The benefits of using object storage to store relational data.

There are many different classes of data—voice recordings, text, pictures, and tabular, among others. Tabular data, which is also known as rectangular or structured data, is of critical importance to businesses, but also to individuals. This class of data is pervasive. It is the records the bank keeps of our transactions, a history of purchases in a store, the grades a teacher gave to a class, or the rate of transmission of COVID-19 by location. In all of these cases, we can have a table of records that defines a relationship.

For the example of a teacher’s grades, the table may have columns for the student’s name, the grade on the first exam, the grade on the second exam, and the final grade for the class. Each record in the table defines a relation among a set of values, where the value of each column has a particular type and each row is an n-tuple with a value for each column. For instance, the grades may be whole numbers and the name a string. There is no inherent ordering to the rows in the table, but one can query them based upon various properties. Returning to the example of grades, the teacher might want to find all of the students whose final grade was above 90. Structured Query Language (SQL) is the way these tables are typically queried.

The relational model

This model of organizing data that has relations was first introduced by Edgar Codd, from IBM, fifty years ago. Initially, it was realized in integrated databases that were responsible for everything from the management of the storage up through the processing of the queries. Such a top-to-bottom integrated system provides the maximum opportunities for performance optimization but limits the ability to share data between different tools.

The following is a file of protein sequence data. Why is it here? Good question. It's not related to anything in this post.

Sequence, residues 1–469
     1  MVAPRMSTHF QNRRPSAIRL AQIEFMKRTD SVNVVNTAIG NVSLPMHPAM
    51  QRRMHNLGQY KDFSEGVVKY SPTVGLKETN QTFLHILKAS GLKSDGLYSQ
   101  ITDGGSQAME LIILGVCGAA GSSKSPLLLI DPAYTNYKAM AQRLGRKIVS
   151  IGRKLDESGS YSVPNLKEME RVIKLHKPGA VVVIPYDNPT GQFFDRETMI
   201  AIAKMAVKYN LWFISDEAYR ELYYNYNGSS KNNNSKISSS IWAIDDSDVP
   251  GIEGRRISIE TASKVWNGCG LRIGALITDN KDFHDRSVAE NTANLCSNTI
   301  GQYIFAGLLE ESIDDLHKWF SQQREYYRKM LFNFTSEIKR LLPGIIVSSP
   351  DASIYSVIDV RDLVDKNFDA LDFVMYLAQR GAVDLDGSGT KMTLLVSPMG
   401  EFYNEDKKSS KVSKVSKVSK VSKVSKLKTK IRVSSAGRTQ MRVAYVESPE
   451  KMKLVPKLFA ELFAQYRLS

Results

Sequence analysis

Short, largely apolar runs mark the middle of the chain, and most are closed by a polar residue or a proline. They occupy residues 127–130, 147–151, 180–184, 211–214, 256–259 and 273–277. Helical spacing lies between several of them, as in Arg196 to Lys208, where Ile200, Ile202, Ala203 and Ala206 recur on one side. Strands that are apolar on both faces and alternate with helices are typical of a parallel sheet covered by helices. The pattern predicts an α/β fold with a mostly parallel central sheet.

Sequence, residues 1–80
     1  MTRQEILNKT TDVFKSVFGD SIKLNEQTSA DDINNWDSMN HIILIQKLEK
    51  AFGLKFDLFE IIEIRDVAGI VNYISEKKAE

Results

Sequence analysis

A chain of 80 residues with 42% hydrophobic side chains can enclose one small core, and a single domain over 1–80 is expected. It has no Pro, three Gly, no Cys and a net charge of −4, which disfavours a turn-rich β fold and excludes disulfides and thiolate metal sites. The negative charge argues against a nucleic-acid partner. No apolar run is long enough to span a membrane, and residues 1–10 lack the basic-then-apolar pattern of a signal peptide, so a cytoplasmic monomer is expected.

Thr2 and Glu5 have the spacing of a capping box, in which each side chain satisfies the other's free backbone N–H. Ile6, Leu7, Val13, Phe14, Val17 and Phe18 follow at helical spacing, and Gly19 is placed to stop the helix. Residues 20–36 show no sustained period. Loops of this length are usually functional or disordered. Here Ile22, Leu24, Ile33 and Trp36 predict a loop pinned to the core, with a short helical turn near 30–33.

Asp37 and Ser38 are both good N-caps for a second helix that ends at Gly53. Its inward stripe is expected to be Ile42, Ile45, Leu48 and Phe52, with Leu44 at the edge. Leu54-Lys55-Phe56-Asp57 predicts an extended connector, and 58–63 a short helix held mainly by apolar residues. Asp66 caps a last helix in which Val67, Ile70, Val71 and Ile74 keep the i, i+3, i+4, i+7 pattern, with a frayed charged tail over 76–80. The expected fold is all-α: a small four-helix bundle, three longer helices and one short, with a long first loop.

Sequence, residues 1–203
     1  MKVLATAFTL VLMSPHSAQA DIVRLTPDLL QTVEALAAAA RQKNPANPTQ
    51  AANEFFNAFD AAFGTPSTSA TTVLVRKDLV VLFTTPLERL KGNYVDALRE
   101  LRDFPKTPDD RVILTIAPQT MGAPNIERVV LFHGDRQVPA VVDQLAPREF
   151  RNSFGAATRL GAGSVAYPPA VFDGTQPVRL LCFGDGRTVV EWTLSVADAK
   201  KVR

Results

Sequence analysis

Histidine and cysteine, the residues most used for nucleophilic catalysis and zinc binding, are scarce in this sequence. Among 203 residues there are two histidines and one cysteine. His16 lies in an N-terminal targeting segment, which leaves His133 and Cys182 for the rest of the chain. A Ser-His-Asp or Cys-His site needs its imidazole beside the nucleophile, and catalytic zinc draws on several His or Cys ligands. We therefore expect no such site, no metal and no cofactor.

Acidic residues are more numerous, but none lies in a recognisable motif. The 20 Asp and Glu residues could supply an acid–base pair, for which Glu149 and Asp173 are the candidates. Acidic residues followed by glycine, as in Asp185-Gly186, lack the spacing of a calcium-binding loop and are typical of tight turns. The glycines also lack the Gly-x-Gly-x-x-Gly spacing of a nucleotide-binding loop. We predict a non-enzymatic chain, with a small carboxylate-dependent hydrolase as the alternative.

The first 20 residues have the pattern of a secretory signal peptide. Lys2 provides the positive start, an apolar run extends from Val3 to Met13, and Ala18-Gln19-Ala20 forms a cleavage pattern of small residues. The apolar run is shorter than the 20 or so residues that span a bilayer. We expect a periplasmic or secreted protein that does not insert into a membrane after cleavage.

Over the past decade or so—first with open source frameworks such as Map Reduce, then with Spark, and now with more traditional databases, such as IBM Db2 Event Store—engines that are supporting the processing of relational tables are delegating the storage and management of the data to an object store, typically supporting the S3 API. These engines use a range of formats to organize the tabular data, such as Parquet, ORC, or CSV, and then support the same SQL queries that were supported by the original integrated databases.

Object storage and relational data

This use of object storage for storing the relational data brings several benefits (although, at the price of providing less opportunities for optimization):

  • It reduces the cost of developing the overall system by separation of concerns; the query engine no longer needs to address storing the data.
  • It maps naturally to cloud deployments, as all clouds have highly scalable cost-efficient object stores.
  • It enables much higher scalability in data size, as object stores are essentially infinitely scalable.
  • If an open format is used, it allows having different engines and tools to process the same data, allowing you to use the right tool for the job.

IBM has a range of such tools that help data professionals wrangle data and fully harness the power of ANSI SQL over this effectively limitless, yet economical, storage medium. On the IBM Cloud, SQL Query provides serverless execution of SQL for rectangular data stored in IBM Cloud Object Storage. SQL Query is a great tool for data exploration, preparation, transformation, and analytics.

For self-managed capacity hybrid or private cloud workloads, Db2 Big SQL provides a Db2-compatible SQL interface to Object Storage APIs and other data stores through the IBM Cloud Pak for Data on Red Hat OpenShift. And Spark, available with Cloud Pak for Data and via IBM Analytics Engine on the IBM Cloud, has built-in integration with object storage.

To get you started, we have provided free data lake architecture patterns for Big Data Modernization, Logging, and IoT use cases.

Learn more about the 50th anniversary of the relational model and other announcements.


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